The second is where a person not qualified in electrical work uses a pass–fail type of electrical test instrument known as a portable appliance tester (PAT), which automatically tests electrical equipment plugged into it. The result requires no technical interpretation. In this case, the person would need to have been trained and have satisfactorily completed a competency-assessed training course on testing and tagging using a PAT. The course needs to have been conducted by a registered training organisation accredited to deliver the training under the vocational education and training (VET) system.
Who may inspect electrical equipment?
The inspection of electrical equipment does not require tagging unless the electrical equipment is being used on a construction or demolition site or mining operation.

Inspections of electrical equipment not on construction or demolition sites or mining operation may range from the users of equipment regularly inspecting the equipment and reporting damage or potential damage to the employer, to a more formal inspection program for high risk equipment.

Who may inspect electrical equipment will depend upon the risk associated with the equipment and the level of knowledge required to assess whether the equipment is damaged. A further consideration is whether the person carrying out the inspection will be required to remove the equipment from use and refer it for further assessment by a competent person, or is competent to fully assess the condition of the electrical equipment at the time of inspection.

Who may test residual current devices?

The test for the operating time of an RCD requires specific technical expertise and interpretation of results and, therefore, can only be carried out by an appropriately qualified or trained person. This means a licensed electrician or a person who has successfully completed a competency-assessed training course in the use of an RCD tester.

The course needs to have been conducted by a registered training organisation accredited to deliver the training under the vocational education and training (VET) system.

More stringent requirements apply in the case of construction sites and mining operations.
Construction and demolition sites – The tests on RCDs must be carried out by a competent person in accordance with the requirements of AS/NZS 3012:2003 and each test result must be recorded.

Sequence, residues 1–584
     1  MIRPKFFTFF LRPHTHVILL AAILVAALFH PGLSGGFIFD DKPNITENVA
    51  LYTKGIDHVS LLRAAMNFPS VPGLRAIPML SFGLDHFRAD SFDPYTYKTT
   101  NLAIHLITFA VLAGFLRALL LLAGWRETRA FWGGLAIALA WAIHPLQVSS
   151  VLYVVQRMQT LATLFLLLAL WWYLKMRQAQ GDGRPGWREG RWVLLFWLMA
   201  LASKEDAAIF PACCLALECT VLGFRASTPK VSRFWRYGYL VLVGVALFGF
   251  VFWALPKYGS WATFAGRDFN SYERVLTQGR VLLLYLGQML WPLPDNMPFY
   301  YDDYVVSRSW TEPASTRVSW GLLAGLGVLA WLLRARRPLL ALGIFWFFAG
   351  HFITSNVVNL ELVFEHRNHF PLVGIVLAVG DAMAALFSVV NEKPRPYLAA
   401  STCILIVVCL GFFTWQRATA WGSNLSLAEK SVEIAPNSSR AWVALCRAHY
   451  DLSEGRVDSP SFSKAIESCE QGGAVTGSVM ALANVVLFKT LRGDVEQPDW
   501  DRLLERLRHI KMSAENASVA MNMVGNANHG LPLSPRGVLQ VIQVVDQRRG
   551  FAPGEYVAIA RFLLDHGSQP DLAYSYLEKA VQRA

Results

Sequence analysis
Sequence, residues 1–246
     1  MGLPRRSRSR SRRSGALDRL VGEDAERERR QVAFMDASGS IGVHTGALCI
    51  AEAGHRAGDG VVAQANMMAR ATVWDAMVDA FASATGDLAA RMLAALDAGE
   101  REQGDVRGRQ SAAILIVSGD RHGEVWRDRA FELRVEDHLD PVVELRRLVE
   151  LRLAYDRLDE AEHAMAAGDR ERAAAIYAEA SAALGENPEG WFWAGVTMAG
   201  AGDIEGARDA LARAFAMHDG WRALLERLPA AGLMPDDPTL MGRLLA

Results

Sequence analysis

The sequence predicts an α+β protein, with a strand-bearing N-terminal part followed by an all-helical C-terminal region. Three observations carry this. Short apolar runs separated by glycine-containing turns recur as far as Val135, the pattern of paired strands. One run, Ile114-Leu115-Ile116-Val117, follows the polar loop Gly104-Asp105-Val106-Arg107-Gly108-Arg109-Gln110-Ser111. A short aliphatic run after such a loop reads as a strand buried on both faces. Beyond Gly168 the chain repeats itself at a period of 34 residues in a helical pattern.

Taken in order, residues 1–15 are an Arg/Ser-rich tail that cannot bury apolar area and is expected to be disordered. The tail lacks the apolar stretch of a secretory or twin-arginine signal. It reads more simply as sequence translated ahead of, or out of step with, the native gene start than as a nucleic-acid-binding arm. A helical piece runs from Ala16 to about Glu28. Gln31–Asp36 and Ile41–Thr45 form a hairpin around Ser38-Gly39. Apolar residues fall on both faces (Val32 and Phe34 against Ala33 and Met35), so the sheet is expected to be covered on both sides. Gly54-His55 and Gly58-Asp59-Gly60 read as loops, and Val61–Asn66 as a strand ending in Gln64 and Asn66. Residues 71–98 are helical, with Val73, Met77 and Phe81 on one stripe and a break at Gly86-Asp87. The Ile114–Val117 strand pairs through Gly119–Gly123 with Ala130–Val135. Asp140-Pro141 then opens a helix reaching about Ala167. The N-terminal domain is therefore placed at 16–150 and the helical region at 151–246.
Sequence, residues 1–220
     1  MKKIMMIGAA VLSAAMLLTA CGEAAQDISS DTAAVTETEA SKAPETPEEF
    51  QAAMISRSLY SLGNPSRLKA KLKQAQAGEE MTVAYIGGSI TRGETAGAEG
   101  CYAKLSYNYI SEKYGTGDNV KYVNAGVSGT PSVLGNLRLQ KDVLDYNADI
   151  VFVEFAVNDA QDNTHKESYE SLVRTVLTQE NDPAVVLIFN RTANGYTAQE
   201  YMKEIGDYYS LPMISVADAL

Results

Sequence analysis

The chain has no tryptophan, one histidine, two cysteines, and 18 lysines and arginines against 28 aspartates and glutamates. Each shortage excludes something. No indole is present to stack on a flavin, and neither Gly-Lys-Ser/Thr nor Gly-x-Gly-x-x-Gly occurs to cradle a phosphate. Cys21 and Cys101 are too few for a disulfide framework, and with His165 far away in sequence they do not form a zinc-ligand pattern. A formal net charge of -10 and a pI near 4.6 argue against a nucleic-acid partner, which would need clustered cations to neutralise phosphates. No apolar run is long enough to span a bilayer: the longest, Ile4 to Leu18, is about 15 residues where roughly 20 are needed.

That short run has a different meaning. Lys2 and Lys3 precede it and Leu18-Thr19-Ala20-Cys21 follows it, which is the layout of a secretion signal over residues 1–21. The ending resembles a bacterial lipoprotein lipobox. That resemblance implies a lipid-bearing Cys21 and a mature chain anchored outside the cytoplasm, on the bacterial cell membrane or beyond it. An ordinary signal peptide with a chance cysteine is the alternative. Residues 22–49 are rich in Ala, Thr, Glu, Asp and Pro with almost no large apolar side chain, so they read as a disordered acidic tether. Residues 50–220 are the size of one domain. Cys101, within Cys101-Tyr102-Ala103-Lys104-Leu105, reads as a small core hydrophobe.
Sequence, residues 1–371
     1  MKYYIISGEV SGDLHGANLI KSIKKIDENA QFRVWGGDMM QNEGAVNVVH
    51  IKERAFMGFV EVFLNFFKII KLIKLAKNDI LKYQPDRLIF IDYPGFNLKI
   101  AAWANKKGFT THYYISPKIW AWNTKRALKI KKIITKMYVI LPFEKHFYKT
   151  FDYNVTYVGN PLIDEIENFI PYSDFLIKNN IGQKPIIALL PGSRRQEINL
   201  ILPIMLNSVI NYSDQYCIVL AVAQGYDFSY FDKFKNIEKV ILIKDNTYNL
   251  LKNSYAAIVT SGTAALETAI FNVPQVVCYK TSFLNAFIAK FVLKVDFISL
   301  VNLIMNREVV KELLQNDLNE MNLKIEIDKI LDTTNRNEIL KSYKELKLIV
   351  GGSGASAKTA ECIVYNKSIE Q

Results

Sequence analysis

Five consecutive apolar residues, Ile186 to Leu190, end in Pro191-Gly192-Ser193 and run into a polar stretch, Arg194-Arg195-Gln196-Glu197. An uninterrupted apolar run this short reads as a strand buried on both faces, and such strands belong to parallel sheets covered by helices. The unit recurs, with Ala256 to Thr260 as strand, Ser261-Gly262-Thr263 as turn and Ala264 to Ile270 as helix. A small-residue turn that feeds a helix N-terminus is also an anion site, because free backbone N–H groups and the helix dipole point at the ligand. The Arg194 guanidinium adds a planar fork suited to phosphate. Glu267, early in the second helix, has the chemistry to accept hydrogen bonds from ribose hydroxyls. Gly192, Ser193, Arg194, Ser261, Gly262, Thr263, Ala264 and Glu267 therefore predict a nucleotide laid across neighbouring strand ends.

Mining operations – Where a portable RCD is used at a mine, the employer must ensure that it is kept in a safe working condition and tested on a regular basis by a competent person; and where a non-portable RCD device is installed at the mine, the employer must ensure that each device is kept in a safe working condition and tested on a regular basis by a licensed electrician.
Who may inspect residual current device?
Where a portable RCD is used at a workplace, the employer or self-employed person must ensure that it is kept in a safe working condition and tested regularly by a competent person.

Where a non-portable RCD device is installed at a workplace, the person with control of the workplace must ensure that it is kept in a safe working condition and tested regularly by a competent person.

What are the tagging requirements?

After inspecting or testing portable electrical equipment or an RCD used on a construction or demolition site or mining operation, the item must be tagged. Tagging should also be undertaken following the inspection or testing of a non-portable RCD.

The tagging must be done by a competent person and in accordance with AS/NZS 3012:2003. The name of the competent person who performed the test must be clearly and legibly marked on the tag.

Workers who bring portable electrical equipment or an RCD to a construction or demolition site or mining operation must ensure the attached tag is current and bears the name of the competent person who conducted the test, and the test or re-test date.

For all workplaces other than construction or demolition sites or mining operations, portable electrical equipment and RCDs are not required to be tagged. However, there should be evidence that a maintenance program is in place.